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Too soon to look back

Anthony Barnett
Anthony Barnett
3 September 2002

It is too soon to look back. The current media re-run of 11 September is not an innocent reminder of what it was like. Repeats and slow motion reinforce a feeling that we are still living in that moment of time. Viewed from such a perspective, the forces that have taken command of world development since then also become a fate to be endured – an extension of The Event rather than a direction taken.

What is needed instead is to look around and ask what kind of period has begun? What sort of world can we look forward to now? The moment the outrages happened, it was clear that they were a break point in history. An epoch had ended, another started. This was usually expressed by saying, ‘things will never be the same again’.

There are openings, and there are closures

But in what way will they be different? Comparison provides a clue. Not long ago, the wilful public destruction of another great edifice was also a historic turning point, and immediately recognised as such around the world. The Berlin Wall was levelled. Then, however, the widespread astonishment was that so few, not so many, had died. It was a life enhancing moment of freedom, hope, confusion and openness.

That was November 1989. Twelve years later, 11 September was a moment of closure. As bin Laden’s benighted chiliasm brought forth the sway of Donald Rumsfeld, prison doors swung shut on the opportunities, however fumbling and ambiguous, that were being worked through thanks to the end of the cold war.

If that was not how it felt to the many in Latin America, the Middle East and China who cheered as the billowing clouds swamped lower Manhattan and America was ‘hit where it hurts’, then all one can say is that if religion is the opium of the oppressed, terrorism has become their crack cocaine. Such celebrations must not be denied, or their causes will not be remedied, but they deserve pity and political contempt.

The last people who should have welcomed 9/11 are those who suffer from American domination. Nothing rejuvenates the will to unrestrained power more than violent provocation aimed at its symbols.

Imagine: without al-Qaida George W. Bush would now be seen as little more than the creature of a ‘corporate America’ collapsing in worthless paper, fraudulent accounting and even the downright robbery of peoples’ savings. Instead, whatever his difficulties, he remains the legitimate leader of the nation.

Bin Laden saved Bush in the way that Argentina’s President, General Galtieri, saved Margaret Thatcher in 1982. Recently elected and increasingly unpopular, the then British Prime Minister was urged to war after Galtieri ordered Argentina’s unprovoked invasion of the Falkland Islands. Backed covertly and then overtly by the Americans, a British expeditionary force sailed to the South Atlantic and re-captured the Falklands. The action pioneered a new kind of long-range military intervention, more effective ways for officialdom to shape media coverage, and helped the West ‘recover’ from Vietnam.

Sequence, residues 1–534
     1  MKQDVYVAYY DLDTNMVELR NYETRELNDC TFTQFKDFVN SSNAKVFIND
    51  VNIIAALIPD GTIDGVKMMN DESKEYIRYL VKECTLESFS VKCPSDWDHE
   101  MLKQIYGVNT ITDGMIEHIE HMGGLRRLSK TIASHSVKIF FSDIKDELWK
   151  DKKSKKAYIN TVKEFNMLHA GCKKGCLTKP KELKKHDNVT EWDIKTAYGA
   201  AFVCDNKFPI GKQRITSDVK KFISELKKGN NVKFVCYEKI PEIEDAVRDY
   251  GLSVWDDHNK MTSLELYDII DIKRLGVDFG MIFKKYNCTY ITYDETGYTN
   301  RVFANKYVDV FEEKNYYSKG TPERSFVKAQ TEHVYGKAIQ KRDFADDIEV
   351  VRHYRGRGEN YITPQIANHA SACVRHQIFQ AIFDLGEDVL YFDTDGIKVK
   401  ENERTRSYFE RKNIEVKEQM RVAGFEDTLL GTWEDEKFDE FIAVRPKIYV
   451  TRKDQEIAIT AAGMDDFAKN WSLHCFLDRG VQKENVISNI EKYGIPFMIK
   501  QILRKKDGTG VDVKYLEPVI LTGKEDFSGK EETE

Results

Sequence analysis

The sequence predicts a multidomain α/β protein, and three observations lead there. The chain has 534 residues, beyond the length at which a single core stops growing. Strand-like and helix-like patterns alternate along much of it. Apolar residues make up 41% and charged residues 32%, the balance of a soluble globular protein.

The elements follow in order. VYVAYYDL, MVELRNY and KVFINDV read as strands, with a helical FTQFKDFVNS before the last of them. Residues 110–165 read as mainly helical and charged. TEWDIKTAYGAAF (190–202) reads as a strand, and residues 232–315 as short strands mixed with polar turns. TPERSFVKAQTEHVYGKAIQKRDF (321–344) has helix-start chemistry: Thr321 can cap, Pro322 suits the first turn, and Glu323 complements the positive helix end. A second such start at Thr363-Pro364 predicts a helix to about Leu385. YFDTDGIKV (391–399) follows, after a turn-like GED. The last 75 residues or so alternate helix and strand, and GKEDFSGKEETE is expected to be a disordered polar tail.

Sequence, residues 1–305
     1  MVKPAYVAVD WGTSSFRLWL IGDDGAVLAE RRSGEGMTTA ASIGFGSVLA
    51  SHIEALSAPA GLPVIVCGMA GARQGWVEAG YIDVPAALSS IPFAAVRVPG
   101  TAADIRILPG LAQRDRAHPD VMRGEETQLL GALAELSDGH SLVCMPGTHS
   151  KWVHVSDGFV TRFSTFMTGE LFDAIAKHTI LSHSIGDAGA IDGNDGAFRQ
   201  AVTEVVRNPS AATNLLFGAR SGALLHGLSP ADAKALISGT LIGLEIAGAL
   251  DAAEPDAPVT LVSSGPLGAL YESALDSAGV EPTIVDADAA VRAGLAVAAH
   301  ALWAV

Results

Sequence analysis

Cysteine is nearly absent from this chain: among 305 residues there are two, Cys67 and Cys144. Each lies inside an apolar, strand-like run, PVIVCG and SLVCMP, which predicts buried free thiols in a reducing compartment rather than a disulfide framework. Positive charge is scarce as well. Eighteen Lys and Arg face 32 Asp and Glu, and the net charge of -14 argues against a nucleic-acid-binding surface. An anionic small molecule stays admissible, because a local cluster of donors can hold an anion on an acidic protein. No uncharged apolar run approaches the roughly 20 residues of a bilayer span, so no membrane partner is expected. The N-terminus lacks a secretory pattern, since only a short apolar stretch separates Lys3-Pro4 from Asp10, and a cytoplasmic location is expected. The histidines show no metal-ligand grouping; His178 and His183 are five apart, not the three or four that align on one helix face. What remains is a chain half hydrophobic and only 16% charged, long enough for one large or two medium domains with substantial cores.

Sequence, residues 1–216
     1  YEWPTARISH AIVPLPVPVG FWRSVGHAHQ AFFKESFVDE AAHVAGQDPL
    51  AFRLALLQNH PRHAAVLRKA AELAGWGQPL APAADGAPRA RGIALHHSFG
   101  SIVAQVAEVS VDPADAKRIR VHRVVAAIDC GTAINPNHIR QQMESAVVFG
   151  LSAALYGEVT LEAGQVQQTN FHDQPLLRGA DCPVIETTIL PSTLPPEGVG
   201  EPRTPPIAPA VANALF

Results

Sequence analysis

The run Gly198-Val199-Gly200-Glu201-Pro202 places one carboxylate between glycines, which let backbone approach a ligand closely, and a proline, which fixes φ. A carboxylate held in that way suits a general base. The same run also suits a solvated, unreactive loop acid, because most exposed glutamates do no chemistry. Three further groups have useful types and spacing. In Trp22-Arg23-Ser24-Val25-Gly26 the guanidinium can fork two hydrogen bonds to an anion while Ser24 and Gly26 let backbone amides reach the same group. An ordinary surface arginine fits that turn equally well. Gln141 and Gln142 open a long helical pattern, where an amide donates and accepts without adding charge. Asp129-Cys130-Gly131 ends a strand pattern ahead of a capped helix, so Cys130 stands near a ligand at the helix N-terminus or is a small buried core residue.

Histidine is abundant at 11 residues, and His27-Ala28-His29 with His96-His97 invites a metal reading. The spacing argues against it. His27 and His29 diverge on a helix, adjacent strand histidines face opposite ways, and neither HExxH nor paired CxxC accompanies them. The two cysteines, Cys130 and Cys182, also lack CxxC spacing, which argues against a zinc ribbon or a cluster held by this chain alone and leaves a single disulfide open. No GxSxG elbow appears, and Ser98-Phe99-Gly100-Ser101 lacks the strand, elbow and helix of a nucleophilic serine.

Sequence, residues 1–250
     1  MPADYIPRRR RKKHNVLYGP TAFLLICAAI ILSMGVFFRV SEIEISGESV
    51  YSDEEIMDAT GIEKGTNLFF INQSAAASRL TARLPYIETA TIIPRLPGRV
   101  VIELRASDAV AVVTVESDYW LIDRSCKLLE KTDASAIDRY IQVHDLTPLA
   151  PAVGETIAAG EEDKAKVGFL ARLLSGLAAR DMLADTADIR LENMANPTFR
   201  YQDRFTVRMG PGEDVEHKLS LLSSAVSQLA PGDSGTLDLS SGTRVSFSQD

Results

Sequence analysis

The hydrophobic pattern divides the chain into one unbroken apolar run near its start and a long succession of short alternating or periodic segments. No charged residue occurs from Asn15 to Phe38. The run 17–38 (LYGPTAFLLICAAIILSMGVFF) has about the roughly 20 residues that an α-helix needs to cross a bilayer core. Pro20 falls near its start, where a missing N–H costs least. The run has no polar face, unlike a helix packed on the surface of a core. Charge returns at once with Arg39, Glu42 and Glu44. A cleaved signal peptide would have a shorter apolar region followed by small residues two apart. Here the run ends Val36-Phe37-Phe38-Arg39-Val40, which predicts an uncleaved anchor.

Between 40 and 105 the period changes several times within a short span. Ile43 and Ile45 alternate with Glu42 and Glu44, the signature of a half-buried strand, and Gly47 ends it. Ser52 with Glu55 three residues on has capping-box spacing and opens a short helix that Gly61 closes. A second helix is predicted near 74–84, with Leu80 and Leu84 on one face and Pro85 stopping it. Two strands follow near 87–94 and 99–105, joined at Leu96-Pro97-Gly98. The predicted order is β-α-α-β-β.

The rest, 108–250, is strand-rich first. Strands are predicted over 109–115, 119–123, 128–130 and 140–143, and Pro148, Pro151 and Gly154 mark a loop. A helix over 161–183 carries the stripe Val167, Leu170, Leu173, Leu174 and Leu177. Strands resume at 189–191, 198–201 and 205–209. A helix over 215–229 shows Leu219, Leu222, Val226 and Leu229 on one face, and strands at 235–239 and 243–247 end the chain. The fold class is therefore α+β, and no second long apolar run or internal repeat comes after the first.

In Britain, it turned Thatcher from an outsider into a national leader. It legitimised her and her policies, empowered her form of right-wing radicalism and scattered her opponents. In a similar although far more serious way, America’s long-range destruction of the al-Qaida network in Afghanistan may renovate traditional United States sovereignty for a further generation.

A Frankenstein monster

In the case of the Falklands, the British should simply have compensated the few hundred families living on the Islands with a good million pounds each and saved 2,000 lives. Bin Laden’s assault offered no such peaceful resolution. A focussed military response was essential, as Todd Gitlin, openDemocracy’s North American editor argued eloquently from New York on the night of the 11th, and as Susan Richards and I argued when the US assault began.

But the need for intervention, we argued (and we were not alone) was also a moral and political defeat. The fundamentalism holed up in the Tora Bora was as least as much the by-product of CIA cynicism as it was an expression of Islamic purity. Its repugnant terrorism was not just an evil ‘other’ the West could triumphantly eradicate thereby vindicating its own goodness. It was, and is, also our own Frankenstein – one that had to be dealt with, certainly. But in the sober way you clear up your own mess when you learn that your negligence has made it toxic.